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Women only pass on the unique DNA in their mitochondria to their children. That makes testing your mtDNA an excellent way to learn about your deep maternal ancestry. Please post here about any aspect of doing mtDNA testing that you would like to share, including the company you used and why. Your advice could help others!

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Hello everyone,
I have gone as far back as about 1825 with my third great grandmother. She was adopted. She had three daughters, I think she pass away soon after giving birth to my 2nd great grandmother, I found my 2nd great grandmother living with her widow father at the age of five in the census. I am hoping that her adopted parents were her maternal grandparents or aunt. I have not been able to find that info yet.
So far all of my ancestors were born in Puerto Rico.
I have about 11 matches with HVR1 & HVR2, all descendants from parents or grandparents born in Puerto Rico.
I have no match with my full sequence within FTDNA. But I did find out about a woman who was tested from Senegal Africa of the Fulbe tribe who matches my exact full sequence. I had gotten in contact with the researcher but was told that they cannot give me the information as to who she was. The paper was: Saami and Berbers—An Unexpected Mitochondrial DNA Link.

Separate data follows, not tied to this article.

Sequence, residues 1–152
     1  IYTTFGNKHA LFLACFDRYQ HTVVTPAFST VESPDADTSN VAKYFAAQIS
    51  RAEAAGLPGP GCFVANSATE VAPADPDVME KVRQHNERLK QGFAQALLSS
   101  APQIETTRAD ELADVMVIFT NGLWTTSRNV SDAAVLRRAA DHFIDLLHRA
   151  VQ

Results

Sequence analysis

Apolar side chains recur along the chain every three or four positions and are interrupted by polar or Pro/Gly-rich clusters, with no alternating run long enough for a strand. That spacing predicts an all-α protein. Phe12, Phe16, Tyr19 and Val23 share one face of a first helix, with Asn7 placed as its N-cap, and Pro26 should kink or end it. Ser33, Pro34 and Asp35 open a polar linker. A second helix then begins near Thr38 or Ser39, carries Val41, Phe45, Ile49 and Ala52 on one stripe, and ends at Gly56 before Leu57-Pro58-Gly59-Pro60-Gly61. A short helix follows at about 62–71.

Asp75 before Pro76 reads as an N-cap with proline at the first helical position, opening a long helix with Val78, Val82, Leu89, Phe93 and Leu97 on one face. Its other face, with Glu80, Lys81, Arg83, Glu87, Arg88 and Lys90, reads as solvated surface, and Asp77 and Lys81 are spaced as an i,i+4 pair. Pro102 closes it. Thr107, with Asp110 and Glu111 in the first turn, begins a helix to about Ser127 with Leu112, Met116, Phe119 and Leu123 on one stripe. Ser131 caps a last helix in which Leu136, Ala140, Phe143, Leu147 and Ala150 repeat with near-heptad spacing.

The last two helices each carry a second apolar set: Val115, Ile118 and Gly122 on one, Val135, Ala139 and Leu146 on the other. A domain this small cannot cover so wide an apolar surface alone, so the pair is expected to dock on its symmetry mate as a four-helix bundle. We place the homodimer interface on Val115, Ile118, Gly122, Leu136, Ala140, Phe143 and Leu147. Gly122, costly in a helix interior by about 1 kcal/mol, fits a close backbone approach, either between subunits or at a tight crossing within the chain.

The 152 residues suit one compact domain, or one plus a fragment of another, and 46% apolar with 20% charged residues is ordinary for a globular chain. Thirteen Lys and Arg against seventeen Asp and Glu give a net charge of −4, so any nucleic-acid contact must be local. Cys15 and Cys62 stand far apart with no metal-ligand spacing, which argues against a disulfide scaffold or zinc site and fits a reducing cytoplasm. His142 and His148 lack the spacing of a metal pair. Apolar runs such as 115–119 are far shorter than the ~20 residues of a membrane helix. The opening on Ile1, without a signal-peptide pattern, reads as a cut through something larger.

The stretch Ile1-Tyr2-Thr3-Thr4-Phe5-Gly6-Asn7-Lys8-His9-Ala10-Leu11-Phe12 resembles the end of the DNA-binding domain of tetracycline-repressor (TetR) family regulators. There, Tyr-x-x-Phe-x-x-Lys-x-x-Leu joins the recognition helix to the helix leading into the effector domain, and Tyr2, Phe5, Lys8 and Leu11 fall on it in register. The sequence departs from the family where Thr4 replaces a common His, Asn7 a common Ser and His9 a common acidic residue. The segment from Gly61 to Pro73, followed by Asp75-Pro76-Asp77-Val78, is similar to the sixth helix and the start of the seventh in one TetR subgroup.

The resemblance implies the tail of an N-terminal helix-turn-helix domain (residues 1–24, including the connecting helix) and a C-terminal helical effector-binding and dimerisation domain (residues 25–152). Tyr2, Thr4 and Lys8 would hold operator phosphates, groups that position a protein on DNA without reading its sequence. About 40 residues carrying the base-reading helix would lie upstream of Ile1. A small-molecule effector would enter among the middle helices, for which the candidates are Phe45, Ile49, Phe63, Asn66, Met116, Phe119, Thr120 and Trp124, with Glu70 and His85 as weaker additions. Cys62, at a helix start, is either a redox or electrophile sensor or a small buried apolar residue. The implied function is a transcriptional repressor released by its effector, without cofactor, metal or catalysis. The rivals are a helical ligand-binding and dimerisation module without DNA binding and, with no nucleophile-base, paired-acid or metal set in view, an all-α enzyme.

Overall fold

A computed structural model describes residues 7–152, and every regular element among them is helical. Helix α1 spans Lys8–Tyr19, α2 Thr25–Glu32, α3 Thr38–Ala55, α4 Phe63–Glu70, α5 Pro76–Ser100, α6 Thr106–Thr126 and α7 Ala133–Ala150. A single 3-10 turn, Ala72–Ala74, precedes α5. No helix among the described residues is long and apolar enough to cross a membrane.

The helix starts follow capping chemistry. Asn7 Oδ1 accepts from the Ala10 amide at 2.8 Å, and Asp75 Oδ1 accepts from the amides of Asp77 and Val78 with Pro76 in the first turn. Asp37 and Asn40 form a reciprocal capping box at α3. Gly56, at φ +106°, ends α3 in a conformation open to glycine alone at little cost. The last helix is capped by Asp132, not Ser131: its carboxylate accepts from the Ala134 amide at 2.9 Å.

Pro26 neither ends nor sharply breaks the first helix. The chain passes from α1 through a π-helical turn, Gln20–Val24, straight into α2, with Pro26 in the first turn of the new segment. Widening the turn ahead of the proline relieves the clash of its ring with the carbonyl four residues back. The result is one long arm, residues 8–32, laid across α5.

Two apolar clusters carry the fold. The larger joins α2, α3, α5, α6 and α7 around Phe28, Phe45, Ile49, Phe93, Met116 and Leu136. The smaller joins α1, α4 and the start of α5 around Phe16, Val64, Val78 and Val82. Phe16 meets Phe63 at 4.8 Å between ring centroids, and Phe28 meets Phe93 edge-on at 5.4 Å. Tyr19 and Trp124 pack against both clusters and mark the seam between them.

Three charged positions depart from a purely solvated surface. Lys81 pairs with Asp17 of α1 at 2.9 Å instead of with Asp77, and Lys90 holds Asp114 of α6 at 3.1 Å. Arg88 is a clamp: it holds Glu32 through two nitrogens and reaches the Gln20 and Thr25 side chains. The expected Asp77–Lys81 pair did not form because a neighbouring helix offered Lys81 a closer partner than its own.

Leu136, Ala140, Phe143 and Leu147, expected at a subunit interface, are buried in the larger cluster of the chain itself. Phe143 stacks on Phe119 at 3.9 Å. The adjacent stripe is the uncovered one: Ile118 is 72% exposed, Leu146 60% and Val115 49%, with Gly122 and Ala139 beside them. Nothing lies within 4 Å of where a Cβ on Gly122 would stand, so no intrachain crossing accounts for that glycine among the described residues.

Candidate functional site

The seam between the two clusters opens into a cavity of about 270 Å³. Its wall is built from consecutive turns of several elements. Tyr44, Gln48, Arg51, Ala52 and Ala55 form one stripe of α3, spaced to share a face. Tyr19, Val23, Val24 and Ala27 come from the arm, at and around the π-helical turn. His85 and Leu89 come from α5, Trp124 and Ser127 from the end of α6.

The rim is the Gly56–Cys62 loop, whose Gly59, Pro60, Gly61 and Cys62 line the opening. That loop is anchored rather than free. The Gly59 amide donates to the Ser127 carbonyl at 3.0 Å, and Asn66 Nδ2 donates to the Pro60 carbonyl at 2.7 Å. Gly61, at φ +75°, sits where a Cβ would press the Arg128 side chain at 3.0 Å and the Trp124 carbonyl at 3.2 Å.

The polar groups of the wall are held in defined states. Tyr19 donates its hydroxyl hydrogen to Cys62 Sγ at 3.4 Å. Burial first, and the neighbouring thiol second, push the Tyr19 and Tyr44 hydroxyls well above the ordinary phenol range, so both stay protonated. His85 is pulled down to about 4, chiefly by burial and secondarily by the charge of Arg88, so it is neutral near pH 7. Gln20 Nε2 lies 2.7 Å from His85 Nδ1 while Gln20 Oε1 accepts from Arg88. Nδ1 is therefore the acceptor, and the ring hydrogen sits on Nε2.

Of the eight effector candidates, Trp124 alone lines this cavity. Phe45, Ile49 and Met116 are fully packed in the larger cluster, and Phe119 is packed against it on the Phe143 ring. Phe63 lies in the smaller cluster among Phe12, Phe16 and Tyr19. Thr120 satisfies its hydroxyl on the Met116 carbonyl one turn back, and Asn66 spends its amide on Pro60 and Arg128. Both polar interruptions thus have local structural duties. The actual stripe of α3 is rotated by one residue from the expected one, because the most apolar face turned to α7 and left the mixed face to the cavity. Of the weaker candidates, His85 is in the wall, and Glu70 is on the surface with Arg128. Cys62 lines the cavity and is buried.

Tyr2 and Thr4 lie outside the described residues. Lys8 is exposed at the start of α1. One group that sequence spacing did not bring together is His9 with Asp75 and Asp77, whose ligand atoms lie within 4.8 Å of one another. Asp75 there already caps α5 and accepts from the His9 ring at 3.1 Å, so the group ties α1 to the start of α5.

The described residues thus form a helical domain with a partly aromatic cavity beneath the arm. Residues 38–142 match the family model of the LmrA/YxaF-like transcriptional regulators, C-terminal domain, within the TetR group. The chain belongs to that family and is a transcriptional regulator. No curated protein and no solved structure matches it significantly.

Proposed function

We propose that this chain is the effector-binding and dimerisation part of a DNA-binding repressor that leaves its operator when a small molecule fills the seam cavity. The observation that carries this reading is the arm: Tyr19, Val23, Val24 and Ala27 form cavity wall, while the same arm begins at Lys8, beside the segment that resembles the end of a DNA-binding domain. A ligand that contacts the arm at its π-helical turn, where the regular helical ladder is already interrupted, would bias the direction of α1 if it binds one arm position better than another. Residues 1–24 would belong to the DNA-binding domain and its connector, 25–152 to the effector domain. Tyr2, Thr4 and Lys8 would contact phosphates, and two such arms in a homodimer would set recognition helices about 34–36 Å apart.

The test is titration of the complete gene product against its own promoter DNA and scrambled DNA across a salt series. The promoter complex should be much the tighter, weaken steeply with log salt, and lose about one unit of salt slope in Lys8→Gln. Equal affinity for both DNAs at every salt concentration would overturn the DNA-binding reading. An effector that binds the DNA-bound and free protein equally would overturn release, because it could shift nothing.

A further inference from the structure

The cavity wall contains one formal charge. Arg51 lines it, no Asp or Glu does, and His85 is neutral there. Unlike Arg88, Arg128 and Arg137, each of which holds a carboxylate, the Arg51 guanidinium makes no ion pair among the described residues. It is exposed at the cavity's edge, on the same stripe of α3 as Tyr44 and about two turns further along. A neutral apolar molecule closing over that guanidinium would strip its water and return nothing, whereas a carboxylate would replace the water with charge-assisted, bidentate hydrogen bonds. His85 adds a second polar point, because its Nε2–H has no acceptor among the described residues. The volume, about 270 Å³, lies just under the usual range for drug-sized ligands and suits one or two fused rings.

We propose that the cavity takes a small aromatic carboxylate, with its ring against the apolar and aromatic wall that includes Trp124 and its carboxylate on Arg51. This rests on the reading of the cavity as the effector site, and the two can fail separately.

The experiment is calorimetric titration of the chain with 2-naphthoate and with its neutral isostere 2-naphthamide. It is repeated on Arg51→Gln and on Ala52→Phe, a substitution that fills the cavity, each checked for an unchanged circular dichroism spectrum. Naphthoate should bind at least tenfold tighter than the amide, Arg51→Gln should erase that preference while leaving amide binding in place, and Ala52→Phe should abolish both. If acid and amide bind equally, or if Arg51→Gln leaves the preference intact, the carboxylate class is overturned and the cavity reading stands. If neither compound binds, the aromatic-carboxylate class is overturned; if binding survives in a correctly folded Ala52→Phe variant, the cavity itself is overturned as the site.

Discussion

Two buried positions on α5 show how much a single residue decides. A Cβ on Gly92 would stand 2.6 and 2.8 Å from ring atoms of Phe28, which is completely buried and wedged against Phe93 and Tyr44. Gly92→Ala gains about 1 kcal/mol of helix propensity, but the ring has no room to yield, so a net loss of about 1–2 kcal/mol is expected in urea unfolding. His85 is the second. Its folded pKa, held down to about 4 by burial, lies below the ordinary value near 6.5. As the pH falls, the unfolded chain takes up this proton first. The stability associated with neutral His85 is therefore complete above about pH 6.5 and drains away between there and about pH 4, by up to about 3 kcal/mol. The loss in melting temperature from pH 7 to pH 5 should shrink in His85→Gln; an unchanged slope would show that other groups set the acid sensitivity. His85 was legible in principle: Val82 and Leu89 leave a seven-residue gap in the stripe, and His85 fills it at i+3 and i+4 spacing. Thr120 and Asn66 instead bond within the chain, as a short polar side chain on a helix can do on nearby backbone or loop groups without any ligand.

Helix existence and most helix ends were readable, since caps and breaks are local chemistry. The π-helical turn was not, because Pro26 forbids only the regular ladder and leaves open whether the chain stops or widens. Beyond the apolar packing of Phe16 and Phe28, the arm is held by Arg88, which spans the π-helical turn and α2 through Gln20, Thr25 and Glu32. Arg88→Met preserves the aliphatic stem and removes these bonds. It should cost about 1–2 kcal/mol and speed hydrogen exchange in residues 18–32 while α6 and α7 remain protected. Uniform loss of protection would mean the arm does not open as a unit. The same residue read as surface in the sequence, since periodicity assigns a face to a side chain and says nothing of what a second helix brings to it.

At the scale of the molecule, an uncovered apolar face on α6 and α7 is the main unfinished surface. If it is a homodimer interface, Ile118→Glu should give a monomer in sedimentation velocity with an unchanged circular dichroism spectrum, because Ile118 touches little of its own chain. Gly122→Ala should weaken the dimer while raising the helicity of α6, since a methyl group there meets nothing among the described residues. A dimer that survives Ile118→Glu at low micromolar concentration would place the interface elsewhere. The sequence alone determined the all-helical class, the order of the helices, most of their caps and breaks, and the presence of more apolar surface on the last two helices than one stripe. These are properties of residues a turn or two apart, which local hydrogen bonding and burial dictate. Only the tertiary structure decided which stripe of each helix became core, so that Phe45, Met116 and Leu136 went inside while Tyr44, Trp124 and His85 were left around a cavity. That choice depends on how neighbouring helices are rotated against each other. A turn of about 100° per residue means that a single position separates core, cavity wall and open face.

My other matches from the Genographic Project for the low resolution (HVR1) results are from Africa. 16 of them, five from Cameroon, nine from Guinea-Bissau and two from Mauritania.
So far those who are my matches and tested with FTDNA are from Puerto Rico and those who were tested with Genographic Project are from Africa.

I have tested with FTDNA as well as 23andme.
If you sign the release form from FTDNA you are immediately informed if you have any matches and you are able to email the person. I have stayed in contact with four of my matches from FTDNA. I have made an ancestor's connection with one of my matches who was born in my mother's hometown. I am still trying to find a connection with the other three I keep in contact with.
FTDNA makes it very simple by posting your results on your personal page as well as the areas where your ancestral matches are located.

With 23andme you get your raw data. You would have to search for your markers on your own, which it is not easy to do so if you are not familiar with that information. Once assigned to a haplogroup you would post on the community board which haplogroup your belong to and that you would like to share with others of that group. Hopefully you will find those that are willing to share with you. Depending on the level from which you are willing to share "basic or extended", the others and you are able to see the information posted on their page, except for the raw data, no one can see that or if you are sharing on the basic level they are not able to see your health and traits data section.
I have not found anyone at 23andme with an exact match with my mtdna, but I did find a match who shares some of my autosomal dna, which I found quite interesting. We are both trying to find the common ancestor that connects us.





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